Joe Davidson

Teammate too ill to attend games inspires Granite Bay baseball

This is a united team, one for all, inspired by a teammate too ill to attend games.

The upstart Granite Bay High School baseball team has rolled into the Sac-Joaquin Section Division I North finals Friday at Sacramento City College with 14 wins in its past 16 games and jersey No. 17 hanging in the dugout.

It belongs to Scott Henrichs.

The junior middle infielder would rather be in uniform instead of hospital gowns from repeat visits. Henrichs continues to undergo tests at Sutter Medical Center in an effort to diagnose pneumonia-like symptoms that have plagued him since the middle of basketball season.

Doctors discovered oversize spots on his lungs and feared it could be cancer. On Wednesday, Henrichs underwent a positron emission tomography, or PET scan, using a tracer to seek disease in the body. He has two anxious families: his immediate one in Placer County and the baseball bunch that competes in his honor.

“It’s all about the uniform, teammates, band of brothers,” Granite Bay assistant coach Darrick Blatnick said. “We all feel awful for Scotty. We’re pulling for him.”

Grizzlies pitcher Darren Nelson speaks fondly of his friend. They also were basketball teammates, and they keep in regular contact, either by hospital visits or text.

“Great guy, great athlete,” Nelson said. “It’s not fair. Scotty’s battling like we knew he would. Having his jersey here helps. This could be his life we’re talking about. It’s so scary, so we’re doing this, winning games, for him.”

Granite Bay coach Pat Esposito said he knew Henrichs was sick early this season. Simple baseball activity had become to difficult for Henrichs, who suffered through coughing fits. Esposito said Henrichs tried to battle through it, not wanting to let his teammates down.

Henrichs had two hits in a 6-4 win over Franklin on March 26 and two hits in a 5-1 victory over Woodcreek on April 24. His last game was April 27 before he was admitted to the hospital May 7.

“The biggest thing to understand in all of this is that life is so precious,” Esposito said. “Scotty’s smiling all the time. We can feel it now.”

Besides his teammates, Henrichs has extra motivation to get out of the hospital. He wants to travel to Omaha, Neb., to catch the College World Series starting June 13 because his father, Jeff, will participate as an umpire.

“That’s our goal,” said Jeff, who will umpire in his fifth CWS. “It’s a great honor to do those games, but I would give all of this back to have him healthy.”

Turning it around

The Grizzlies (19-11) suffered through a six-game losing streak that dropped their record to 5-9. Players talked about their problems and decided to relax and let the game come to them. They have since gone 14-2, including 4-0 in the playoffs with wins over Pleasant Grove (4-1), Jesuit (5-4), Elk Grove (6-0) and Oak Ridge (6-0). Elk Grove and Oak Ridge occupied The Bee’s No. 1 ranking all season. Those teams play Thursday in a losers’ bracket final at Sac City for a right to play Granite Bay on Friday for the title.

“We’re hitting on all cylinders now,” Esposito said. “It’s neat to see. And this team plays to its own beat. They’re so loose; we’ve had players and teams in the past that were too tight, and you can’t play baseball that way. Sometimes, I wonder if we’re too loose, but I don’t want to break their mojo.”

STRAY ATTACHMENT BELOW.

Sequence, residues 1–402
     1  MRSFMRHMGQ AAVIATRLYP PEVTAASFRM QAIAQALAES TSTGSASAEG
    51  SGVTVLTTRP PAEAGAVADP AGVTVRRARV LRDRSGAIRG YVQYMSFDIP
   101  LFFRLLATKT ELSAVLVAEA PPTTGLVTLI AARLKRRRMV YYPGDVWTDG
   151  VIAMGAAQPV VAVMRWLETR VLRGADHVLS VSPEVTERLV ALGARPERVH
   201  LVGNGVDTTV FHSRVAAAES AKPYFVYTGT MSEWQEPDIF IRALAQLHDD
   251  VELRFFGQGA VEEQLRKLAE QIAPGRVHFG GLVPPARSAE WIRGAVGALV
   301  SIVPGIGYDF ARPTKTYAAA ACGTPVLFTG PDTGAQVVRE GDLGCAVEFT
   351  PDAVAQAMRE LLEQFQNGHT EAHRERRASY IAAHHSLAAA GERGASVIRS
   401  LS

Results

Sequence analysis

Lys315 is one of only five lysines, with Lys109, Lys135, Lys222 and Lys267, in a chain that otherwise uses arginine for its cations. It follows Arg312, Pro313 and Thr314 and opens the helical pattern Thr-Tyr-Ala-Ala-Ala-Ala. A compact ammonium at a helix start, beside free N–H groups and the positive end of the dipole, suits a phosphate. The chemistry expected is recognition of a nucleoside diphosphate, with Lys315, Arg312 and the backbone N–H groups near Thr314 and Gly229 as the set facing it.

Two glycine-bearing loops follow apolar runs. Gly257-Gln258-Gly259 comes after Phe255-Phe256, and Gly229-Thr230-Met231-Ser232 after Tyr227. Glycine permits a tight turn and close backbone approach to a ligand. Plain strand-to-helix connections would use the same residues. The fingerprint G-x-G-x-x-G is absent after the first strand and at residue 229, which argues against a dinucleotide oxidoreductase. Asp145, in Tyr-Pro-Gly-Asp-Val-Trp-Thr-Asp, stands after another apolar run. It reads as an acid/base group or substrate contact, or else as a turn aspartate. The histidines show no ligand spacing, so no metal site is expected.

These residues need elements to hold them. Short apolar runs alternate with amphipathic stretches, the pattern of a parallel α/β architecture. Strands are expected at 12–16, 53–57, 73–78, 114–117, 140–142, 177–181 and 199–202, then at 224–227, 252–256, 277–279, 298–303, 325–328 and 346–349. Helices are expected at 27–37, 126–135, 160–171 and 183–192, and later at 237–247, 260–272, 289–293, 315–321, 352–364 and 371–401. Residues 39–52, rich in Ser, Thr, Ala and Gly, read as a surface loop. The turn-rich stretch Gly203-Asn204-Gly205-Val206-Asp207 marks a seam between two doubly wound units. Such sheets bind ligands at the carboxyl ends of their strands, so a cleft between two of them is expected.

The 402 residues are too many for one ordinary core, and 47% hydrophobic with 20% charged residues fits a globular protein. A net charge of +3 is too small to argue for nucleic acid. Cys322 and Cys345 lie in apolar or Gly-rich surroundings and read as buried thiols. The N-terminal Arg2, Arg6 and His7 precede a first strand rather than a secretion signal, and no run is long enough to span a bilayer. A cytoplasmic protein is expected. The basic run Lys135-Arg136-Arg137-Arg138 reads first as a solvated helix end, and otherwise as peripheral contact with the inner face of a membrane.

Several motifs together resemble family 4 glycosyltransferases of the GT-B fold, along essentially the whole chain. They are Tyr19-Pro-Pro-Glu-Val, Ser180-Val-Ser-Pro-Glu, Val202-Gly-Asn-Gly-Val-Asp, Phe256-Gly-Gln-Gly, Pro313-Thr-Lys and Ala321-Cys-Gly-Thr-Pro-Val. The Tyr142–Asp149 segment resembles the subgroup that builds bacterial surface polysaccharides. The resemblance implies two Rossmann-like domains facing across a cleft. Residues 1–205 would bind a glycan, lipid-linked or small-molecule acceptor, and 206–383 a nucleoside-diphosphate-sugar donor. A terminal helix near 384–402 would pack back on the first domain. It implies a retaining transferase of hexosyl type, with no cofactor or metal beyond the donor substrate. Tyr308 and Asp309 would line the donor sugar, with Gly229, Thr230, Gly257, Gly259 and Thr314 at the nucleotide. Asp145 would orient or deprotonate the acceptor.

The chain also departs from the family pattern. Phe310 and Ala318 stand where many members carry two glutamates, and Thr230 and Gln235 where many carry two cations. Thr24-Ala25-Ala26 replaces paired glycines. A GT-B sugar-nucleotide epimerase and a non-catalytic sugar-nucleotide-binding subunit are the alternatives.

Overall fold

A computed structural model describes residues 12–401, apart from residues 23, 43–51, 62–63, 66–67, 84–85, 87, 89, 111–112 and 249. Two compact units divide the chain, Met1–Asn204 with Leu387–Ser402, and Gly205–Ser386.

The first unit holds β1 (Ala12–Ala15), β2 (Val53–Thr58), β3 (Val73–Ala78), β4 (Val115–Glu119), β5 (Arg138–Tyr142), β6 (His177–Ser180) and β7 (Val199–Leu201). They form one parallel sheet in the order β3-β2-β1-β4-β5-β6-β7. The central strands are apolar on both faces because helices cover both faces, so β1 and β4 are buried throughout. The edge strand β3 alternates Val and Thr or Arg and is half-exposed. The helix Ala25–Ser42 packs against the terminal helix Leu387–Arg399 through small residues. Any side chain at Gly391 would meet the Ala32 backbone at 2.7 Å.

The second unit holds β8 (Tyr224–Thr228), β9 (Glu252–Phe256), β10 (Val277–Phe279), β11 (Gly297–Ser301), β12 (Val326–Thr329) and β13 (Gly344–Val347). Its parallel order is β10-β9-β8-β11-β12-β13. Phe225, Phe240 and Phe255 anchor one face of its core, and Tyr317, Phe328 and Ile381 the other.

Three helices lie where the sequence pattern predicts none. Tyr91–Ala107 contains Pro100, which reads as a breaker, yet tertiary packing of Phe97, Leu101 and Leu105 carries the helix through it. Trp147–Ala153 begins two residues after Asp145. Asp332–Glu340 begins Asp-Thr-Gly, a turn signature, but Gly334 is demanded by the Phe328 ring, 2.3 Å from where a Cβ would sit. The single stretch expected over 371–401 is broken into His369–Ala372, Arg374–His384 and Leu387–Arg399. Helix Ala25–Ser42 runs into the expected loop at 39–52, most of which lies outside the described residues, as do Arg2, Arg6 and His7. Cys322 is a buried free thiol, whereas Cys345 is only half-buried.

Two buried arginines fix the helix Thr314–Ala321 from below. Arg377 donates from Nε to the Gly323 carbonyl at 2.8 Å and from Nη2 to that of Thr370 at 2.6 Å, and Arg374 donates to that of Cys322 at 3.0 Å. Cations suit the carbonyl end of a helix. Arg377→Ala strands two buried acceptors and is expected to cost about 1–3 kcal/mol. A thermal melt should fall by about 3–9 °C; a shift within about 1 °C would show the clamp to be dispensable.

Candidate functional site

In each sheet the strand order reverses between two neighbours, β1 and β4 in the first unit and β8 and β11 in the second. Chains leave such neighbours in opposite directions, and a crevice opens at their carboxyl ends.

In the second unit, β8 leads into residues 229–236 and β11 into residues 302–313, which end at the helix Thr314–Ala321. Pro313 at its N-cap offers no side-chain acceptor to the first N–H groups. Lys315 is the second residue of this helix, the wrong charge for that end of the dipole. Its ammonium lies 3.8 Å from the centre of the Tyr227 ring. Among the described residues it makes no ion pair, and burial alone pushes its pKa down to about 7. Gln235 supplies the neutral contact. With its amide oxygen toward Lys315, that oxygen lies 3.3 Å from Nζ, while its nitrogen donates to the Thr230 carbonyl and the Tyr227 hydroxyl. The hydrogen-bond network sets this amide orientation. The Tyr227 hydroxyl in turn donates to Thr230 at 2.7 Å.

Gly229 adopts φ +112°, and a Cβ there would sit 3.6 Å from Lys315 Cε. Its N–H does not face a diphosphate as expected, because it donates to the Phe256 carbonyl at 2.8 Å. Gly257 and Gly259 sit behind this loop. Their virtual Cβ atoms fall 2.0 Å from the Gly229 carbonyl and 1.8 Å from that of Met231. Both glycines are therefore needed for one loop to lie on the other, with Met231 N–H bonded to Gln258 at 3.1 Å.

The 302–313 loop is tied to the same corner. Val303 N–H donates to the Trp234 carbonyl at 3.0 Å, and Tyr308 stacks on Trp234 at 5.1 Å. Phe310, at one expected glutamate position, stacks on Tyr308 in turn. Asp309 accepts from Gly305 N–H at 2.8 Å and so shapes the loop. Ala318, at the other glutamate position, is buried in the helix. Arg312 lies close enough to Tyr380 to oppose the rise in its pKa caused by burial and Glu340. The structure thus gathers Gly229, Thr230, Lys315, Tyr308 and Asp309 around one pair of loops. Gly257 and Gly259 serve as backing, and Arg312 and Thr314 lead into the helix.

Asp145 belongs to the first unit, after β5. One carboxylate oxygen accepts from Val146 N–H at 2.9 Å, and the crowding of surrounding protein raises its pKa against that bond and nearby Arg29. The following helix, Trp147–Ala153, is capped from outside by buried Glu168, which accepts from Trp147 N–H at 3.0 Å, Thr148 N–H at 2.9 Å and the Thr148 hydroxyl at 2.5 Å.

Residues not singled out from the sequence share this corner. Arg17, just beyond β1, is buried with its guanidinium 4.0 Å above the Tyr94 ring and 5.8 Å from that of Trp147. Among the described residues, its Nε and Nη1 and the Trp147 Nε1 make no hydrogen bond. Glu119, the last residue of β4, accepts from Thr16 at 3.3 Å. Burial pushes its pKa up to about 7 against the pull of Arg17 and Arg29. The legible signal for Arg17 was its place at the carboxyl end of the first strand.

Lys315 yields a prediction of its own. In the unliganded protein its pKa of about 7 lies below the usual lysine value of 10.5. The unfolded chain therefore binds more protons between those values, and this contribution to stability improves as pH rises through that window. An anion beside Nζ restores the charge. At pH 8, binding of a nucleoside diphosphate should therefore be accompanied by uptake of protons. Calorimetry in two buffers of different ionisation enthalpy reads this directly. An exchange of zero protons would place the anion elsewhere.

One coach who understands baseball mojo is Jim Barr. Even at 67, the fifth-year Grizzlies assistant coach still casts quite a presence – be it his robust 6-foot-3 frame or warm smile.

Barr was a good pitcher for some very bad Giants teams of the 1970s and early ’80s, once retiring a record 41 consecutive batters. After retirement, Barr and his wife, Susie, settled in Granite Bay in 1987, where they raised daughters Betsy and Emmy. Both excelled in soccer at Granite Bay High and later played professionally.

Barr was the pitching coach at Sacramento State for 16years before landing a relay-throw away from his home at Granite Bay High, where on off-days he can be found manicuring the Grizzlies’ infield – mowing, fertilizing. That diamond is his baby. “The biggest thing to understand in all of this is that life is so precious,” Esposito said. “Scotty’s smiling all the time. We can feel it now.”

“I do what I can to help,” Barr said. “I love working with high school kids. They’re so into learning, getting better.”

Said Esposito: “It’s great having Barr here. What a gem, a great baseball man and a great guy. If he bends over for something, half the team runs over to pick it up for him. They love and respect him that much.”

Nelson, a 6-5 sophomore who already has major-league scouts curious about his potential, said Barr has helped everyone on the roster, be it through words or examples.

“We know he’s a legend,” Nelson said. “He’s really straightforward.”

This season, Nelson is 6-2 with playoff wins over Pleasant Grove and Oak Ridge. Ryan Brown (2-2) and Nick Frank (6-2) also have pitched well.

At the plate, Nelson is batting .358 and Frank .341. Michael Birch has been steady at catcher, and his two-run double gave Granite Bay a 5-0 lead against Oak Ridge on Tuesday to put the Grizzlies into their first D-I North title game since 2005.

The ultimate victory the Grizzlies seek is to watch Henrichs walk out of the hospital.